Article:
February 02, 2008

Means fights movie stereotypes

Native rights activist to kick off film seriesThe 68-year-old Means, reached in Wyoming recently as he and his wife, Pearl, were driving home to Porcupine, S.D., says acting is a way of continuing his activism. One role at a time, he chips away at negative stereotypes of Native people.

Every script he gets contains racist material, the Oglala Lakota actor says. While he can't eliminate whole scenes—that would cost the production money and actors who do that don't get work, he says—he can urge inexpensive script changes.

"First you have to get the job ... and then you can talk with the director," Means says. Most directors are in control of the script. "I've found every director to be human and easy to work with."

In Pocahontas, Means says, he was able to influence a script that had Powhatan dismissing Pocahontas' efforts to talk to him before a council meeting. In the movie, Powhatan considers his daughter's words.

In Native cultures, "when a younger person speaks, every elder stops, like the old E.F. Hutton commercial," Means says. "Not only does that give them self-esteem, but you get jewels of wisdom from them once in a while." In fact, Pocahontas helped avert a war. "I'm very proud of that," he says.
Comment:  I once interviewed Means for an article I wrote on Pocahontas.

For more on the Disney movie, see Pocahontas Bastardizes Real People.

5 comments:

russell said...

Writerfella here --
Ah, at last Russell Means has wandered afield into Russell Bates' bailiwick! There are NO 'inexpensive script changes,' as the usual course is to have the original screenplay writer(s) perform any script doctoring AT WRITERS GUILD OF AMERICA MINIMUM BASIC AGREEMENT RATES!! "Integrity of work performed" is the language in the MBA and that usually means that the writer(s) has/have been given the additional job description as 'Associate Producer(s).' Most times, that means either presence on the set and/or location, or at least being on-call should any rewrites be demanded. Naturally, as the WGAw wishes to make sure such ameliorations are limited, the rates are set quite high. Russell Means could not write his way out of the box lunch he gets from craft services, and so he doesn't know how such matters ordinarily are handled...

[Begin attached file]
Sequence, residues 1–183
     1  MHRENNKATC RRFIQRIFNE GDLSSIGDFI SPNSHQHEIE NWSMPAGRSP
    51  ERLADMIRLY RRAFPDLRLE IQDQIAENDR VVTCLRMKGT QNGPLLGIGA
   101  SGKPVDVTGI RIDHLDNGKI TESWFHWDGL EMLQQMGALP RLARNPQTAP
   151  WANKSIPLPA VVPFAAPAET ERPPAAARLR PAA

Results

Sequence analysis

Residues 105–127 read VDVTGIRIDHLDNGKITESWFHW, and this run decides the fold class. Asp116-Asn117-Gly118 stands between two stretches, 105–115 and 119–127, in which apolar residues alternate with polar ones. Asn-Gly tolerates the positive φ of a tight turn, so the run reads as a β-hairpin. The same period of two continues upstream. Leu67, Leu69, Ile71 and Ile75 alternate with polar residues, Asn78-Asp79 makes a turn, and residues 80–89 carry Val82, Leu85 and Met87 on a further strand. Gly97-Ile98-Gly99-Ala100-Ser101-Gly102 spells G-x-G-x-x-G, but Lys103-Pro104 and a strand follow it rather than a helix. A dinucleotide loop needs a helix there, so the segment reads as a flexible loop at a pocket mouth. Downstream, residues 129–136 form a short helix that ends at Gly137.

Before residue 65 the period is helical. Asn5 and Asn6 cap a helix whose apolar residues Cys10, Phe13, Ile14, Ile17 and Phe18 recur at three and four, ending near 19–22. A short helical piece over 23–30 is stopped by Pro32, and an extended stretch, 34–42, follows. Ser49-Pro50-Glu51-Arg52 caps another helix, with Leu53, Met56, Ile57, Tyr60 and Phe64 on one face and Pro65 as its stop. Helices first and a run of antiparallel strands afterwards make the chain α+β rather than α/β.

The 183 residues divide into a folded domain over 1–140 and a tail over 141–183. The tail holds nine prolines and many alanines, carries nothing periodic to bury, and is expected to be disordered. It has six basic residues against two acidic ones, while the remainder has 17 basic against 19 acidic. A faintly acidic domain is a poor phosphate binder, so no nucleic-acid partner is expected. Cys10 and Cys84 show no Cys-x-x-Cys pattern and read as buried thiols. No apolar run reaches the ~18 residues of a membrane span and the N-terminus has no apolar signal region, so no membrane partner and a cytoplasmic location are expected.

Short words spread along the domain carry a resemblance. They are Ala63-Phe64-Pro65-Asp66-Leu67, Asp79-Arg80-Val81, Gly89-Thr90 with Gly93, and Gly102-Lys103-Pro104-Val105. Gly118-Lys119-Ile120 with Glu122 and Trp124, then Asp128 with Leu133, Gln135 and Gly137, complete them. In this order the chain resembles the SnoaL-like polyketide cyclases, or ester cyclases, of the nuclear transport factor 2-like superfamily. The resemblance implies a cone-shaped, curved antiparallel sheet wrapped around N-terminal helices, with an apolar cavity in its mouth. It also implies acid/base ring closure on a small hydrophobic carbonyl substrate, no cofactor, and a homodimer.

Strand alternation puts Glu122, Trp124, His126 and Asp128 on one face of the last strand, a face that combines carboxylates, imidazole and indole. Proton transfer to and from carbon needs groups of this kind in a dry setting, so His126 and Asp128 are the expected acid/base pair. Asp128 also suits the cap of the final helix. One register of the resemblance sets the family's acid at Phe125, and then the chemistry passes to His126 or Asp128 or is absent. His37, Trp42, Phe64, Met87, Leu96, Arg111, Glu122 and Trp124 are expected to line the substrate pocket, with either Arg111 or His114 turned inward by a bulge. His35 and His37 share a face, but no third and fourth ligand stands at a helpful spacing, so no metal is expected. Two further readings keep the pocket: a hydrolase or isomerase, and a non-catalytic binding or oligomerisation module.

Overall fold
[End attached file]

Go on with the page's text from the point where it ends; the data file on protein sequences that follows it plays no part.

All Best
Russ Bates
'writerfella'

Rob said...

I presume Means meant the writer(s) and director could revise the script in the draft stage, not on the set. Scripts are often revised after actors are cast but before filming starts. An actor's comments could be incorporated then at minimal cost.

russell said...

Writerfella here --
Wrong-o, Rob! Production companies are allowed one full rewrite and two polishes (100 words or fewer) for less than scale, and everything after those brings up the gravy train! And that is where Sonny 'SkyHawk' Roubideaux and Mark Reed and HENRY Geiogamah have found their niches, being 'Technical Advisors' who rubber-stamp scripts as written! Thence again, companies may reassign writing and rewriting chores to additional writers but those rates become punitive to the extreme. Hence, making the original writers into Associate Producers allows for some amelioration of higher costs as the writers then become 'hyphenates'...
All Best
Russ Bates
'writerfella'

Rob said...

So Means could ask for changes during the "one full rewrite" phase and not incur additional costs. Which tallies with what I said and thought.

We often hear about scripts going through multiple revisions for reasons other than Means's complaints. If changes were being made and paid for anyway, Means could chime in without incurring additional costs again.

FYI, here's a description of the standard development process:

http://en.wikipedia.org/wiki/Screenplay#The_development_process

Once a studio has purchased or commissioned a script, it goes through the process of revisions and rewriting until all stakeholders are satisfied and ready to proceed. It is not uncommon for a script to go through many, many drafts on its journey to production. Very few scripts improve steadily with each draft, and when a certain avenue has been exhausted the writer will often be replaced and another brought in to do a rewrite.

Rob said...

What's the WGA scale for a rewrite, anyway? $20-25K? In a $50-100 million movie, that's peanuts. The relatively low cost probably explains why so many screenplays go through multiple rewrites.